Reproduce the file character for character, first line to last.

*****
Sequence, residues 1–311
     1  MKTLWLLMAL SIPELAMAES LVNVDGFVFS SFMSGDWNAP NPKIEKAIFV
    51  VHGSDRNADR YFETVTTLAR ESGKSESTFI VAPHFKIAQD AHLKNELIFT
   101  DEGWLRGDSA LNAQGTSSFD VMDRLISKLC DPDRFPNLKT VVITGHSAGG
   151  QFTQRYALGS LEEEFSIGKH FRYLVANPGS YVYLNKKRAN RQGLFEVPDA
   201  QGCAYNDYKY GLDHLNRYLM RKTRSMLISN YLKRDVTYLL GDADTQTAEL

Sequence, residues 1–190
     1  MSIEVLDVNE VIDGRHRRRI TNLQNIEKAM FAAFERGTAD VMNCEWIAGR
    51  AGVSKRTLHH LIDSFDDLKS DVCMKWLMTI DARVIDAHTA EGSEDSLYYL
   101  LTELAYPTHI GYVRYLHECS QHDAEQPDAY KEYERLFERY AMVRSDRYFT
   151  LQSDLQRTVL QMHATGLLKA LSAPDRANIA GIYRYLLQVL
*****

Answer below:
Sequence, residues 1–311
     1  MKTLWLLMAL SIPELAMAES LVNVDGFVFS SFMSGDWNAP NPKIEKAIFV
    51  VHGSDRNADR YFETVTTLAR ESGKSESTFI VAPHFKIAQD AHLKNELIFT
   101  DEGWLRGDSA LNAQGTSSFD VMDRLISKLC DPDRFPNLKT VVITGHSAGG
   151  QFTQRYALGS LEEEFSIGKH FRYLVANPGS YVYLNKKRAN RQGLFEVPDA
   201  QGCAYNDYKY GLDHLNRYLM RKTRSMLISN YLKRDVTYLL GDADTQTAEL

Sequence, residues 1–190
     1  MSIEVLDVNE VIDGRHRRRI TNLQNIEKAM FAAFERGTAD VMNCEWIAGR
    51  AGVSKRTLHH LIDSFDDLKS DVCMKWLMTI DARVIDAHTA EGSEDSLYYL
   101  LTELAYPTHI GYVRYLHECS QHDAEQPDAY KEYERLFERY AMVRSDRYFT
   151  LQSDLQRTVL QMHATGLLKA LSAPDRANIA GIYRYLLQVL